Skip to Main Content


POL 499: Senior Seminar [Winston Churchill]: Prudence & Statemanship

Senior Seminar in Political Science

On Prudence

Prudence Online

According to Aristotle, prudence is “a state grasping the truth, involving reason, and concerned with action about human goods.” Aristotle’s development of the concept of prudence provides the foundation for all subsequent discussions of prudence in the Western philosophical tradition. In particular, Thomas Aquinas' subtle and powerful treatment of prudence is developed through his inheritance and critique of Aristotle's work. In this seminar, we will see how Aristotle and Aquinas’s conception of prudence unifies and structures their treatments of human action, practical reason, and ethics. Topics of special interest for our seminar will include: the relation between action and thought; the possibility of rational evildoing; and the social and political dimensions of prudence. The focus of our discussion will be a close reading of selected texts from Aristotle’s Nicomachean Ethics and the Second Part of Aquinas’s Summa Theologiae.  New School for Social Research: Aristotle & Acquinas on Prudence, Spring 2012

 Prudence Simplified

Imagine a boy is taking a test and is tempted to cheat by looking at his notes. He evaluates the situation: his notes are on the floor, and he could easily look at them without being caught. Plus, if he aces the test, he will finish the semester with an "A" rather than a "B" in the class. At the same time, he knows that cheating is wrong because it is a form of lying. So, he quickly overcomes his temptation, and decides not to cheat.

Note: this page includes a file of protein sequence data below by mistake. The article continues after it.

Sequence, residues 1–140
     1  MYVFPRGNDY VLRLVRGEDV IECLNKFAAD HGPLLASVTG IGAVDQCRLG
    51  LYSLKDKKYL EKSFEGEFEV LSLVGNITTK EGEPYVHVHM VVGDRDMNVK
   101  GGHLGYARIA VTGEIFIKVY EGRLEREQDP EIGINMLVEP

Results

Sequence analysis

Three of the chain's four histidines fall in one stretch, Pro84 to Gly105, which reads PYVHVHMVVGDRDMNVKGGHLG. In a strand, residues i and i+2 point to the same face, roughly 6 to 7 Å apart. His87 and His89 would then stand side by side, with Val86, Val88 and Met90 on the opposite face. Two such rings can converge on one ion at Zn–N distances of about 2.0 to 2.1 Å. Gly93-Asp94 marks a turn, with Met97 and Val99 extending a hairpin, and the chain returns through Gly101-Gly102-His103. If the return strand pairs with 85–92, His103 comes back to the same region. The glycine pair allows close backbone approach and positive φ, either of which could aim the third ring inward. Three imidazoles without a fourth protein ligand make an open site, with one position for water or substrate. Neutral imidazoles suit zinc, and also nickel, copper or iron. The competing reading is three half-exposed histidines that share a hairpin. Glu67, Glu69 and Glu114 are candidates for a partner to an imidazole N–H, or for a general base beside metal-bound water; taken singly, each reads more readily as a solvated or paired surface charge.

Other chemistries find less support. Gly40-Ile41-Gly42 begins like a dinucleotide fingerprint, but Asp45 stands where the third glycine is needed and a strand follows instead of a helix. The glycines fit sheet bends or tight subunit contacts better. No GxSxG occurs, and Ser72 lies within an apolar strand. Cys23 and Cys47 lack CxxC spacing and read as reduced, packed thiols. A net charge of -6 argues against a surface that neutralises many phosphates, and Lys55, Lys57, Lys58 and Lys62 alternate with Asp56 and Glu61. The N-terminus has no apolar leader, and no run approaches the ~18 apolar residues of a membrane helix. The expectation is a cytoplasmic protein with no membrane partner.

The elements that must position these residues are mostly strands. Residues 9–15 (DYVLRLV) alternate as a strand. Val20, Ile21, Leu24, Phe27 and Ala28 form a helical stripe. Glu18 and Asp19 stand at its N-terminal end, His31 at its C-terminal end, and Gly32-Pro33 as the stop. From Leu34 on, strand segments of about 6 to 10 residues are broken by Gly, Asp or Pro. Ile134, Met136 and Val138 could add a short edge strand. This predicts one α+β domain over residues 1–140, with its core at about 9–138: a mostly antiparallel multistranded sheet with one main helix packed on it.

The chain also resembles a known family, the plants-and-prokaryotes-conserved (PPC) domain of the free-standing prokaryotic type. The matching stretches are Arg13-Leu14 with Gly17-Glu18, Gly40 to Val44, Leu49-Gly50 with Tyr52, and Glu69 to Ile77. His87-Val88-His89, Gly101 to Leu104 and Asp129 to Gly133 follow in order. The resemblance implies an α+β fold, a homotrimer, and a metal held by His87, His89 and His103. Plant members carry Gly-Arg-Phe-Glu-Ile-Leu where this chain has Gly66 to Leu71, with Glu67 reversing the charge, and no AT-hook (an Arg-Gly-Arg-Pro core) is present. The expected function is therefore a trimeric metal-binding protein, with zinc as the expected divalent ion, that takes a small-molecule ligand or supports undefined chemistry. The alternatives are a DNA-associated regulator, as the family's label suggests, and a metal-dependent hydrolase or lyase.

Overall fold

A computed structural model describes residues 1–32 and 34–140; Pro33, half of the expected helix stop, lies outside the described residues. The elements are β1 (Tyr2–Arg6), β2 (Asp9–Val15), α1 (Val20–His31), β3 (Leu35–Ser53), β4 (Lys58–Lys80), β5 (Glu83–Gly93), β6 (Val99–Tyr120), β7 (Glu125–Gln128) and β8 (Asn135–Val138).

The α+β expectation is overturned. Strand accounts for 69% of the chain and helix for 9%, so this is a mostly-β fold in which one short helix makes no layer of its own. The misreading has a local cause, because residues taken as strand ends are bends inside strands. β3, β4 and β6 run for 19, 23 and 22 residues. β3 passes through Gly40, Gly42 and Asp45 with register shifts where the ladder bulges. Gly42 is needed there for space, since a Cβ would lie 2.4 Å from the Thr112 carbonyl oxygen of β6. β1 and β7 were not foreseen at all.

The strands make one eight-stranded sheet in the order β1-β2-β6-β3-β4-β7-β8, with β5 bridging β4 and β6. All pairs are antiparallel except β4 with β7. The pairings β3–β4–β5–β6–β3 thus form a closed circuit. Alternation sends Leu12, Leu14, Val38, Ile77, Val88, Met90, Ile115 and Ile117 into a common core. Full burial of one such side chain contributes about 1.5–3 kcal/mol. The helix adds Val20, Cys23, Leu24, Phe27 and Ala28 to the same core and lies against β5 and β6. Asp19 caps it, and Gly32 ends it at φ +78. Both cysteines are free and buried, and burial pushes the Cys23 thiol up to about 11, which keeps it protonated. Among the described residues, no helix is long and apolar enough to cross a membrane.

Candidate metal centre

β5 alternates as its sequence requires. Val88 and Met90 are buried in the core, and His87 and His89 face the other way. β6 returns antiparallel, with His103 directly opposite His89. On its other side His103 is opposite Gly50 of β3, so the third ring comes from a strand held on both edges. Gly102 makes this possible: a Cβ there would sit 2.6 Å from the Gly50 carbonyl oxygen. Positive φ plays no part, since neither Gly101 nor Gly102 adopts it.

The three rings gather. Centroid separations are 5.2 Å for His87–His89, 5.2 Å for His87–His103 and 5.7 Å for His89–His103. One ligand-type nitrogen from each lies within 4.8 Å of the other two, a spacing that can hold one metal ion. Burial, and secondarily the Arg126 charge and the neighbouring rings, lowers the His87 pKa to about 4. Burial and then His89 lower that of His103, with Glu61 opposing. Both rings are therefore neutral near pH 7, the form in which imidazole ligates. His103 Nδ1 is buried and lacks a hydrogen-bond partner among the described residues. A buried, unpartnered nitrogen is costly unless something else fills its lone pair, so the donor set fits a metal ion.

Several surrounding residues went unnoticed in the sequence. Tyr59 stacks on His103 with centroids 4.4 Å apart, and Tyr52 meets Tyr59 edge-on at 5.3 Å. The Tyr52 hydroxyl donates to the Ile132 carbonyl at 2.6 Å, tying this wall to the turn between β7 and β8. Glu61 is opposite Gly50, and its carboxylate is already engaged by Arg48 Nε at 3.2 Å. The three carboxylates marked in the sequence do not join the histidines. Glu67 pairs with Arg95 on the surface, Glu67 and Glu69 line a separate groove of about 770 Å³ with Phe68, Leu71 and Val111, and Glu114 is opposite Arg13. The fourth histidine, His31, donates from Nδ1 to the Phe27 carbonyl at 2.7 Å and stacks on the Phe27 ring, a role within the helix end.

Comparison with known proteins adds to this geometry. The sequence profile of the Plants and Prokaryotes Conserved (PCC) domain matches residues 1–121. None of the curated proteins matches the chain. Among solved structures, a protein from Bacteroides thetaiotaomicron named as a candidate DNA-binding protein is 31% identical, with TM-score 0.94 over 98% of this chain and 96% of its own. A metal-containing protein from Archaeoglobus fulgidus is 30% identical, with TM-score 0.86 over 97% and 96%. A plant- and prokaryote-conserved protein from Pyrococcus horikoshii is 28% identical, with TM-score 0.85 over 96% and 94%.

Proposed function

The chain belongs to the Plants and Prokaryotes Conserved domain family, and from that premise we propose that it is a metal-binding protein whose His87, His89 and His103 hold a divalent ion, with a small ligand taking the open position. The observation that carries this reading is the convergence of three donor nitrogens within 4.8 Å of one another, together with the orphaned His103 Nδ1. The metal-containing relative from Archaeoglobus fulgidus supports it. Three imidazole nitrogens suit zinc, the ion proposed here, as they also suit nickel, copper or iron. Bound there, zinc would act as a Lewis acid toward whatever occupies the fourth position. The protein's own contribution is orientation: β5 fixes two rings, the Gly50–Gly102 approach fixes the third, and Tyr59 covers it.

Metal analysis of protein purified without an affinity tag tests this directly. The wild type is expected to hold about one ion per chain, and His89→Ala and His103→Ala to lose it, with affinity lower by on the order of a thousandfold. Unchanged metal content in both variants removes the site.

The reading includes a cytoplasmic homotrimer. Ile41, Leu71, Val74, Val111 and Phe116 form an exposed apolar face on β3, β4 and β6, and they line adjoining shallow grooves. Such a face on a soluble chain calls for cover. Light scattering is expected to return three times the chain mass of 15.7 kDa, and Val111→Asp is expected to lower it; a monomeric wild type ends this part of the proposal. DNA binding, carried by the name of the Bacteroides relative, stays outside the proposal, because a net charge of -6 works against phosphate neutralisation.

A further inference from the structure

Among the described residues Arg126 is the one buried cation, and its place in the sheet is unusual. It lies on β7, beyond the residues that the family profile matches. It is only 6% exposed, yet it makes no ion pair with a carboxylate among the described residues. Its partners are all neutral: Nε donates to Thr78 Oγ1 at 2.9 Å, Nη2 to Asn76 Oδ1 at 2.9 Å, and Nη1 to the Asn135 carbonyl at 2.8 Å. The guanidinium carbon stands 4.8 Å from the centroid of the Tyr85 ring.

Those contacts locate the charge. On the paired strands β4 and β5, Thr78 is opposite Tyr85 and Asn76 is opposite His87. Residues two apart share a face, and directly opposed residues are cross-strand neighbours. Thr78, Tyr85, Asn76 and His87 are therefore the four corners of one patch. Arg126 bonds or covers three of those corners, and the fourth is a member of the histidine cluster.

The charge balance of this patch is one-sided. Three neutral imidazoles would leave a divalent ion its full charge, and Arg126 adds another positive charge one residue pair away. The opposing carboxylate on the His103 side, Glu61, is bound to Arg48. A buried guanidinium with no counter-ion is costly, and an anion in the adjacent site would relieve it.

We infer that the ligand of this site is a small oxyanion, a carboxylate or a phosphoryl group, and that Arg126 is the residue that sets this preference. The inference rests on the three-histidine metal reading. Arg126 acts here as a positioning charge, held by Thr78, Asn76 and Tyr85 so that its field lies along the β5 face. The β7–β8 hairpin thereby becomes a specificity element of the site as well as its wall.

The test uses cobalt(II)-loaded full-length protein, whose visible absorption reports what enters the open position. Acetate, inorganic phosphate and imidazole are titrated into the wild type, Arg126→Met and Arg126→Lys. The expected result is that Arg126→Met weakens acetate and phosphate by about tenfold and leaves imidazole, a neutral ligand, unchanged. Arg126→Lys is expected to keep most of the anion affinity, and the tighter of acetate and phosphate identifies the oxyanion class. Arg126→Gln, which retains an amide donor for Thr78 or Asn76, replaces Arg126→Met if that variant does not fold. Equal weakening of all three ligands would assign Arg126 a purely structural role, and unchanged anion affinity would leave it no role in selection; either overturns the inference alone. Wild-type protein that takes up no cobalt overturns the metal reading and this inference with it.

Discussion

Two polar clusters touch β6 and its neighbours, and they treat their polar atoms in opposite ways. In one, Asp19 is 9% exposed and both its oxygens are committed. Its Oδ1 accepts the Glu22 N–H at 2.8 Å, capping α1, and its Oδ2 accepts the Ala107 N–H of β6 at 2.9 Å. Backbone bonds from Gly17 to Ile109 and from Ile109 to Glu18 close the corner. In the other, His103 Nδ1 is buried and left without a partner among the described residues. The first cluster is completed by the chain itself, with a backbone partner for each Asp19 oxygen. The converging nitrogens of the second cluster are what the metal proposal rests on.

The above account is an example of the virtue of prudence in action.

Without question, Aristotle's understanding of prudence has had the greatest influence on the Western tradition. By no means, though, is the idea of prudence unique to Aristotle. Some form of it is commended by just about every moral philosopher in both the West and the East. Plato and Plotinus, Cicero and Confucius, Boethius and Buddha: all either explicitly or implicitly advocate some form of prudence.

Prudence is often listed as one of the "four cardinal virtues," so named because they represent the "hinges" (cardines) of the other virtues. These virtues are first listed together in Plato's Protagoras.

In the Nicomachean Ethics, Aristotle defined prudence (phronesis) as "a state grasping the truth, involving reason, concerned with action about things that are good or bad for a human being." Basically, a prudent person knows the right thing to do in each situation and acts upon that knowledge. Prudence, then, is a form of wisdom about practical matters and actions, rather than a more general wisdom (sophia). It deals with what one should do in the here and now.

But the two forms of wisdom depend on one another: to prudently do the good we must know what is good--and vice versa, we more clearly know the good if we live good lives. The classic view of virtue is thus built on a strong link between knowledge and action that one does not often find today. In modern times, it is popular to value those who are "smart" or display "critical thinking skills." But, for Aristotle and other ancients, such knowledge is useless if not applied toward leading a good life.  

Like the other virtues, Aristotle believed prudence is learned through both example and experience. A person becomes prudent through being around a prudent person, observing him/her, and trying to do likewise. This means that it's crucial for young people to be exposed to good examples of prudent behavior, and avoid association with those who are imprudent. Ideally, parents provide an example of prudence to their children, but prudence can also be learned through other family members, teachers, mentors, bosses, peers, and close friends.